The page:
It boggled my mind that all of these birds had been here, all along, so vivid, so loud. They weren’t new. I’d never bothered to look at them, I’d never taken the time to look up, and discover the colorful teeming world in the tangled branches of the trees.
Both films are about excess and waste, beauty and love. They are about the strength and fragility of people – in body and spirit.
“I doe now publish my Essayes; which, of all my other works, have been most Currant: For that, as it seems, they come home, to Mens Businesse, and Bosomes.”
These observations and the pictures taken from them don’t speak in specifics, but when you are in a place where people, over time, have been able to imprint parts of themselves on the built environment, you can feel the city speaking to you in some way, though the language is only partly translatable or transferable.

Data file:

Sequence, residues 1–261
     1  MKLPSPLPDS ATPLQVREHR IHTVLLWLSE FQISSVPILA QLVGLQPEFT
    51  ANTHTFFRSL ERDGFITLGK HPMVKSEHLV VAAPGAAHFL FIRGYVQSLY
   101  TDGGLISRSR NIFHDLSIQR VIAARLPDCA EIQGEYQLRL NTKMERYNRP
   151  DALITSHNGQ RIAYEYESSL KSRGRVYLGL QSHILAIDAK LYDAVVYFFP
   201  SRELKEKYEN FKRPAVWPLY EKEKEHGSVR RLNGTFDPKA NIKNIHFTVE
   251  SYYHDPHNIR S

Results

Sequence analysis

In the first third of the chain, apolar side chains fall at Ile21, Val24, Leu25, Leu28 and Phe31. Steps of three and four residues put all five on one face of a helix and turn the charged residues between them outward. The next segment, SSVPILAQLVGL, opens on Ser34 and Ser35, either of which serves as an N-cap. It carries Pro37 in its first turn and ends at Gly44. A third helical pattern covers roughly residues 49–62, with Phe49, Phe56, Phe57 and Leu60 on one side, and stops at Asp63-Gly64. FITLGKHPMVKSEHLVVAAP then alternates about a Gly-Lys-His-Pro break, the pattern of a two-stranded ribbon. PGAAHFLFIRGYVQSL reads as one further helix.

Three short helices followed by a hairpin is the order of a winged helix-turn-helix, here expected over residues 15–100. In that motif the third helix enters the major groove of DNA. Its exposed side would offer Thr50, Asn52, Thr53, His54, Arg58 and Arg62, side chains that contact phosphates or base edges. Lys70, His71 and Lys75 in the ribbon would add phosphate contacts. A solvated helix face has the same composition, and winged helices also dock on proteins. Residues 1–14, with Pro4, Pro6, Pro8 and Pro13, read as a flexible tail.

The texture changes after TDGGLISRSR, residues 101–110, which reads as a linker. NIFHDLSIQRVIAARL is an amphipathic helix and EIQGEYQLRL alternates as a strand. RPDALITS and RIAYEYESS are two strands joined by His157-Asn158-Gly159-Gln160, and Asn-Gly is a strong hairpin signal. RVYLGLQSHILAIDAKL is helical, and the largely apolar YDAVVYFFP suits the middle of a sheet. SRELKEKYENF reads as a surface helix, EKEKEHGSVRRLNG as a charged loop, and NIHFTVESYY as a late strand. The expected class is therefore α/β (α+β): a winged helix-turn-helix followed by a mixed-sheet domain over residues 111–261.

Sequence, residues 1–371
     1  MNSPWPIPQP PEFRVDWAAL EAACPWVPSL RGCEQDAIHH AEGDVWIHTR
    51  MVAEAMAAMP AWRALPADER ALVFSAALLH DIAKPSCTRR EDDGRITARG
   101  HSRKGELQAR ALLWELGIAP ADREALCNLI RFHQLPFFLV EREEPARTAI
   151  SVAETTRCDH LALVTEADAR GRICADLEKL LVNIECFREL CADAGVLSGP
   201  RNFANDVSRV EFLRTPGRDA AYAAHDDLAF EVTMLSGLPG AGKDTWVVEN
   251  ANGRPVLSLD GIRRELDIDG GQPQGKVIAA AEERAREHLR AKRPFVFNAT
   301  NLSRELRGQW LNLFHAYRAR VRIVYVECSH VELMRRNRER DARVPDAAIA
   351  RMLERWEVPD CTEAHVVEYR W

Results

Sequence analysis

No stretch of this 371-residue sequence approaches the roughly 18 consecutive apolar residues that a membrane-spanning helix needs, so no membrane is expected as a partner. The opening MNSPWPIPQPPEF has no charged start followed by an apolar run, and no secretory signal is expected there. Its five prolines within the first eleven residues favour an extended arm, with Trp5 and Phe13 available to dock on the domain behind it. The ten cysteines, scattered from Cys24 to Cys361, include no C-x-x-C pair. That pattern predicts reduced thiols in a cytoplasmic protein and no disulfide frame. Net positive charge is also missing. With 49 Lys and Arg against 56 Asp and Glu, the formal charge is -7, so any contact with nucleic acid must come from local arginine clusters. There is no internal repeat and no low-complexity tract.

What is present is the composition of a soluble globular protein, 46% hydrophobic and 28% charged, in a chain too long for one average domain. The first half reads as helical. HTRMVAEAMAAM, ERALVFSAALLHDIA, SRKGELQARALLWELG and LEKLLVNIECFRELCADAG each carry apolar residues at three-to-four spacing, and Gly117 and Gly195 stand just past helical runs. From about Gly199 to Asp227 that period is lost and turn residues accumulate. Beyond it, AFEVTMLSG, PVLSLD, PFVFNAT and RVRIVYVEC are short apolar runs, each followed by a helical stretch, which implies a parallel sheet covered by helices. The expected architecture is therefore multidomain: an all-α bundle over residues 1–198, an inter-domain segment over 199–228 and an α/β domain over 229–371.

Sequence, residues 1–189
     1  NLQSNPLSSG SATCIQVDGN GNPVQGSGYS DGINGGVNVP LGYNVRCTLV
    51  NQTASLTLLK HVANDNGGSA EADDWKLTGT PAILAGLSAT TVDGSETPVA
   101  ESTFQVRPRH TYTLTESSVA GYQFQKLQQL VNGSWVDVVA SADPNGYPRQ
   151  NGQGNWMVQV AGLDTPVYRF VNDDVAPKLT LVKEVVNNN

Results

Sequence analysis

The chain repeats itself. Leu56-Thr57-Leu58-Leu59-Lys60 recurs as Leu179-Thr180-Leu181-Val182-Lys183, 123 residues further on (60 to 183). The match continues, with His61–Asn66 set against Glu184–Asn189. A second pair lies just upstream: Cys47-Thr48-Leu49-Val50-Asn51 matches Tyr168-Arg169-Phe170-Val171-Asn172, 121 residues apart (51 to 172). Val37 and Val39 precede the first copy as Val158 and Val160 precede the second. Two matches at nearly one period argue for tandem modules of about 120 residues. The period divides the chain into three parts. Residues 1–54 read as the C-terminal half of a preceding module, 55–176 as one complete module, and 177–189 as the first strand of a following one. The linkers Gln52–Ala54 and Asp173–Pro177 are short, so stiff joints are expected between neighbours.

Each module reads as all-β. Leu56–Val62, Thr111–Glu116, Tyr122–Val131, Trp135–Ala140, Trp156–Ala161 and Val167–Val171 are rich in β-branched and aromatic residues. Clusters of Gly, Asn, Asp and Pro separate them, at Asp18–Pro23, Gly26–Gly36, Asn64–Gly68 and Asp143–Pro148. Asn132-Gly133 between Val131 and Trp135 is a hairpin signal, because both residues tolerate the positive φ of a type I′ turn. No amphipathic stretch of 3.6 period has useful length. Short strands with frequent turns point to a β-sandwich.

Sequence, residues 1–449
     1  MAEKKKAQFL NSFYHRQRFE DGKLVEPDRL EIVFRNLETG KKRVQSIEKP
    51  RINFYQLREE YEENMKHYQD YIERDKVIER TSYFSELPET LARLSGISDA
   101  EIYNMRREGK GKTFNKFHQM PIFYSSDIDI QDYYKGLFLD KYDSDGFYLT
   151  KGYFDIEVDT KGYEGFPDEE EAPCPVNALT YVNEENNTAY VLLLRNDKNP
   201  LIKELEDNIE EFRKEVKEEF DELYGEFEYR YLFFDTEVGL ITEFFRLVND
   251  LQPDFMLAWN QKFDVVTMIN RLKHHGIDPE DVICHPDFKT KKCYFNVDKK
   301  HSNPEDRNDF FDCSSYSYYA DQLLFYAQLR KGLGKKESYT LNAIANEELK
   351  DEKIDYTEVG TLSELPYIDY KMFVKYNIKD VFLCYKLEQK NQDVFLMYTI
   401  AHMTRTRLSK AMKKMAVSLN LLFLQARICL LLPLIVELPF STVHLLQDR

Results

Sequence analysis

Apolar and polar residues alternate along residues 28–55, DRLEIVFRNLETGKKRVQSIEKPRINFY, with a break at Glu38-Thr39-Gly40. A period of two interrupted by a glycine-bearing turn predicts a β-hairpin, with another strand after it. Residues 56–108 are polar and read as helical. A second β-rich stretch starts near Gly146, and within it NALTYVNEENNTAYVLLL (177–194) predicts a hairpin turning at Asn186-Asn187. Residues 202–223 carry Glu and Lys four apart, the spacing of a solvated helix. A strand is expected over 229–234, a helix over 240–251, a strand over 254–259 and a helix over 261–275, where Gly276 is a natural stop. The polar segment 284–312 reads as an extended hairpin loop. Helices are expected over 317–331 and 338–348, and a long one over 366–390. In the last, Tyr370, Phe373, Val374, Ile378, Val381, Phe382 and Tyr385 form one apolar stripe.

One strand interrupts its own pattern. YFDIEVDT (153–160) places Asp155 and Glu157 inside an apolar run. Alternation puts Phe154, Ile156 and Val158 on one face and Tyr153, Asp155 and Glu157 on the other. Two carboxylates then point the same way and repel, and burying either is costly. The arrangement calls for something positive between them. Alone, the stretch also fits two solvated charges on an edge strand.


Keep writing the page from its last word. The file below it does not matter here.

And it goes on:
The scenes of fall wildflowers seem accidental, and because we’re often alone with them, more intimate.
It left me wondering: If attention leads to love, then what is the best way to love a wild thing? And if all living things are connected, what is my human role? How do I play my part?
“We cling to narratives of our association with a local ecosystem, and want to believe that we fight as hard as we can against that ecosystem’s eventual disappearance under a light-blotting alien invasion as if it were our own lives and works at stake. Part of that may be delusory – this ecosystem is not our own, has no love for us, and it is our own force that keeps it from eradicating our efforts and our lifeways.”